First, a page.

When filmmaker and Webby Awards founder Tiffany Shlain set out to make her first feature, she wanted it to focus on “a brief history of everything in the universe.” After watching that first cut, she realized her signature humor was completely absent from the film. Almost on cue, life intervened and entirely rewrote her goals. Her new objective for the film practically dictated itself: she had to enter her film, becoming both an on-screen presence and one of two narrative voices. Suddenly, the story was given the poignancy she desired.
Shlain’s finished product, Connected: An Autoblogography About Love, Death, & Technology, moves through the history of connectivity and the highly personal reasons why we as humans forge relationships. In her typical style, she remixes archival images, stock footage and modern animation to convey emotions impossible to derive from talking head interviews. When Shlain wants to explain her feelings upon receiving devastating family news, she doesn’t sit down in front of the camera and weep; she shows us images of falling buildings, natural disasters, and things dying. In those archival materials lies that universality that Shlain was seeking so adamantly—a collective memory that could relate to a human experience of connectivity.
We talked with the filmmaker right before a screening in Los Angeles, where she touched on emotion, the rewriting process, wanting to show the finished film to her father, and how time slows down when you eventually learn to unplug.
Tribeca: So the last time that Tribeca saw you was with The Tribe in 2006. What has changed in your professional life and in your filmmaking style since then?
Tiffany Shlain:Connected was the first time I was in my own film. I didn’t want to do it; I didn’t intend to do it. The film was totally about connectedness and didn’t have anything to do with me.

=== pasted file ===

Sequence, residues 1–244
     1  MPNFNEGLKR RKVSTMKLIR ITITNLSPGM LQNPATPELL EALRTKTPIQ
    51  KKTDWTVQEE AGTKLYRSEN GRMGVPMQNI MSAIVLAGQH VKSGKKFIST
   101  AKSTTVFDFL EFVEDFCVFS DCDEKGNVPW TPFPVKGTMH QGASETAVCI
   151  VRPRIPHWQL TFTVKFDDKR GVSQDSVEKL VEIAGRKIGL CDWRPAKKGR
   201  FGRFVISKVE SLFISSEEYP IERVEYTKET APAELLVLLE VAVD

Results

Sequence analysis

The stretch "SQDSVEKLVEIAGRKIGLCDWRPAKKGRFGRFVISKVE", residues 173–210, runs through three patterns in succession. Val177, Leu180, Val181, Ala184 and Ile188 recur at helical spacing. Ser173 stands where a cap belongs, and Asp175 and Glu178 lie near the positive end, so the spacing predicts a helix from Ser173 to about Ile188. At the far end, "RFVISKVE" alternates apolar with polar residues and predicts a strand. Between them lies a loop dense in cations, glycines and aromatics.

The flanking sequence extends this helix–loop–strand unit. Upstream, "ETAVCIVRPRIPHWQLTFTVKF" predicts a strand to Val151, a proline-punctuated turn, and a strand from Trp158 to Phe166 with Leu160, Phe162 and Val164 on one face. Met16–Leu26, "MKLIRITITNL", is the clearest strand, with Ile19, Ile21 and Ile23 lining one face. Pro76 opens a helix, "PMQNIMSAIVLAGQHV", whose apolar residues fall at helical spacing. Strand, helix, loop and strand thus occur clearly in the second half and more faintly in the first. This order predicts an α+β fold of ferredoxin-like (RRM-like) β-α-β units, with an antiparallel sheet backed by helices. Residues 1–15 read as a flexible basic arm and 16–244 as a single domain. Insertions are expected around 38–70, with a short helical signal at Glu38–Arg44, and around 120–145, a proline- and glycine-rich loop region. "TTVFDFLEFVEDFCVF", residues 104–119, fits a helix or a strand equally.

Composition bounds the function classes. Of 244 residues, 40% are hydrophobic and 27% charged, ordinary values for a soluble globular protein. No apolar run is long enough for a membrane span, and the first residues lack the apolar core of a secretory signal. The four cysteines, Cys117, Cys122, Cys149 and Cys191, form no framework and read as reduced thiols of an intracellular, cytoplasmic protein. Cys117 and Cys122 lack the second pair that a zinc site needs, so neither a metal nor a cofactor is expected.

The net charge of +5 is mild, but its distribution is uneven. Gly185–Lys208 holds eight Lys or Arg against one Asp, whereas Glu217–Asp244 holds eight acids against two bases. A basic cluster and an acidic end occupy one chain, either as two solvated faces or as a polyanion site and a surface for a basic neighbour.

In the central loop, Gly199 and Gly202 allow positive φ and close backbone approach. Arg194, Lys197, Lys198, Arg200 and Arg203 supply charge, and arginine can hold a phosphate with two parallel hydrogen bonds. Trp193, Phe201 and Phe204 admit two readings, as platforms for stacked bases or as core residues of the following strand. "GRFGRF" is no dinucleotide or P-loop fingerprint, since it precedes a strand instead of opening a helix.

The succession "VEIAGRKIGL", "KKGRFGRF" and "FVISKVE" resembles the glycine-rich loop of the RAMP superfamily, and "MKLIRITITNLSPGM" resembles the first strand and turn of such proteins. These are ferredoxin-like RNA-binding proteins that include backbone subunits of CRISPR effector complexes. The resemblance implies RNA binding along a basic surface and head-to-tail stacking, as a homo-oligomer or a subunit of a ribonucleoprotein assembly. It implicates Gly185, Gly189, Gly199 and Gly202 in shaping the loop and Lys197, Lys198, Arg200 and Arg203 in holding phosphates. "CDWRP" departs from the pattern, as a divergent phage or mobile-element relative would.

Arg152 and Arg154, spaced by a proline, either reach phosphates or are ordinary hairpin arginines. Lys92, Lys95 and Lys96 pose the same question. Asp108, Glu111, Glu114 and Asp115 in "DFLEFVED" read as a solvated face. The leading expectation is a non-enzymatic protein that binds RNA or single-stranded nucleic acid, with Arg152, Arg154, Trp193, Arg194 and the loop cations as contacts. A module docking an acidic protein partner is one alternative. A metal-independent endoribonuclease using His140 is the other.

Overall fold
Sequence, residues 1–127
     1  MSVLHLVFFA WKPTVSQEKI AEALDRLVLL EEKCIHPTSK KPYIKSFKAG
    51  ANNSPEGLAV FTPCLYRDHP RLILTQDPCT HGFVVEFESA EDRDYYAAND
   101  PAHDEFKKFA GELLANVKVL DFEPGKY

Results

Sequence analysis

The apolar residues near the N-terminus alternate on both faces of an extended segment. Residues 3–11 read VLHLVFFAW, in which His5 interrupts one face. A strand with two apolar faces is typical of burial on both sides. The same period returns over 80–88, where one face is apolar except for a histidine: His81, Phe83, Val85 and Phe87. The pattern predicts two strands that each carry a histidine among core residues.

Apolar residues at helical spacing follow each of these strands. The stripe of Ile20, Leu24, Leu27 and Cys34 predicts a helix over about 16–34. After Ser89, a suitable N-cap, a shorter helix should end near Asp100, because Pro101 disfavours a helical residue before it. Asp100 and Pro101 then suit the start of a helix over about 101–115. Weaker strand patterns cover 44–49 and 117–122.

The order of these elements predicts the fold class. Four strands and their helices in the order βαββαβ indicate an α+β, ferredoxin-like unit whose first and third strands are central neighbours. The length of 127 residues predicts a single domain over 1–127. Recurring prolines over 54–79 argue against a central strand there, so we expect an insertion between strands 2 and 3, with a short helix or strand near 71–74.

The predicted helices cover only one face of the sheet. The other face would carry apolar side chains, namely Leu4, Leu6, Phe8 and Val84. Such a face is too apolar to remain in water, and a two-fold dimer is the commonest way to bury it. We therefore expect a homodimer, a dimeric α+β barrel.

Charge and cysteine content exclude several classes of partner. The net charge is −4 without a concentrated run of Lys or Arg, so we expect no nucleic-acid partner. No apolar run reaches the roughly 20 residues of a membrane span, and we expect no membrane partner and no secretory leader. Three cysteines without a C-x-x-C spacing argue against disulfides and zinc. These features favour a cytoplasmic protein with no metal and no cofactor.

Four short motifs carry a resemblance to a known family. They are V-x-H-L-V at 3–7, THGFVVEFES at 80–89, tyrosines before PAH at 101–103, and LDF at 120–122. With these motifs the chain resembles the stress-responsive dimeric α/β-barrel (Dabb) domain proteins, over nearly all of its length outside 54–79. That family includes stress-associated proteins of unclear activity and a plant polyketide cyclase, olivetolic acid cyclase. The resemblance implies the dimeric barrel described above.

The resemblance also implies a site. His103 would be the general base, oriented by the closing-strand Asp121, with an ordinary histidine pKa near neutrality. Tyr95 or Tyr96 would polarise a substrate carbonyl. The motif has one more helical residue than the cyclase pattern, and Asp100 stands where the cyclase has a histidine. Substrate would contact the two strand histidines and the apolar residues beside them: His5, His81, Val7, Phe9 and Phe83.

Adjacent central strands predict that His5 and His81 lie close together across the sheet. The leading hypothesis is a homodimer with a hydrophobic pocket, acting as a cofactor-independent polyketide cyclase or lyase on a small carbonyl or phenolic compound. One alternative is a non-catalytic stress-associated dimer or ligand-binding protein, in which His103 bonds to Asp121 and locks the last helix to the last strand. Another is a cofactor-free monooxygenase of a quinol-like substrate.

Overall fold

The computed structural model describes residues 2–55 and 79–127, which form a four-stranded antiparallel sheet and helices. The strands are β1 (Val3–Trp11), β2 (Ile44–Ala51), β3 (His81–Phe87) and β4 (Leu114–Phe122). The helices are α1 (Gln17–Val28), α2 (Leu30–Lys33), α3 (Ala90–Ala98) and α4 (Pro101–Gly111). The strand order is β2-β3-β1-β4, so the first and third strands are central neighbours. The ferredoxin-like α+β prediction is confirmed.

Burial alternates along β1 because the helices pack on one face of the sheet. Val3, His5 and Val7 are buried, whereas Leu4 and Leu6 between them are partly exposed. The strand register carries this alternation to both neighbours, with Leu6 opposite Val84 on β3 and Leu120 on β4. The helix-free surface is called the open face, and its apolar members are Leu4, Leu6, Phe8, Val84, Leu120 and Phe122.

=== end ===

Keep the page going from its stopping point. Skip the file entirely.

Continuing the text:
Why Marshall McLuhan Would Dig Transmedia and DIY Distribution
By Nick DeMartino
Marshall McLuhan's pronouncement that “the medium is the message” was revolutionary back in its day.
Nearly 50 years later, McLuhan’s influence survives, with many of his ideas serving as memes for wave upon wave of new media. Not for nothing did WIRED Magazineanoint McLuhan as patron saint at the dawn of the Internet! Digital hipster Doug Coupland even published a McLuhan book subtitled “You Know Nothing of My Work” that riffed on the old gent’s ironic appearance in that Woody Allen flick.
McLuhan asserted that the container (the medium itself) mattered more than its actual content. Or something like that. Pissed a LOT of people off back then, especially people making the actual content.
IndieGoGo Films Showcased at World-Class Festivals in 2011
By Adam Chapnick
IndieGoGo filmmakers have been rocking the world stage in 2011. In the first six months, no fewer than fourteen films that successfully campaigned on IndieGoGo appeared in the world’s leading film fests, including Sundance, SXSW, Cannes, Tribeca Film Fest, HotDocs, and LA Film Fest. These films have gone on to win top awards (Tribeca Audience Award) and get picked up by top distributors (The Weinstein Company).
In my responsibilities at IndieGoGo and Distribber, I’m regularly asked for advice and help with all facets of film finance and distribution. After answering so many of these one-off questions with the words, “lots of IndieGoGo campaigners have already figured that out,” it’s clear the filmmaker community would benefit from an update from IndieGoGo filmmakers who have had success.
Like many documentary directors, I kill my babies. That’s the somewhat disturbing way of saying that nothing makes the final cut if it doesn’t serve the story. One of the most challenging things I faced while editing my last film, The Tillman Story, was accepting the amount of material that had to end up on the cutting room floor.
For nearly three years, I had explored the case of Pat Tillman, the football player turned Army Ranger whose death was twisted into a symbol of patriotic fervor by the government and the media. In gathering material to tell this incredibly complicated story, I wished that the film could have followed every intellectual tangent, narrative tendril and web of facts that I came across. But documentaries are about efficient, linear storytelling. Thus, I had to kill my babies.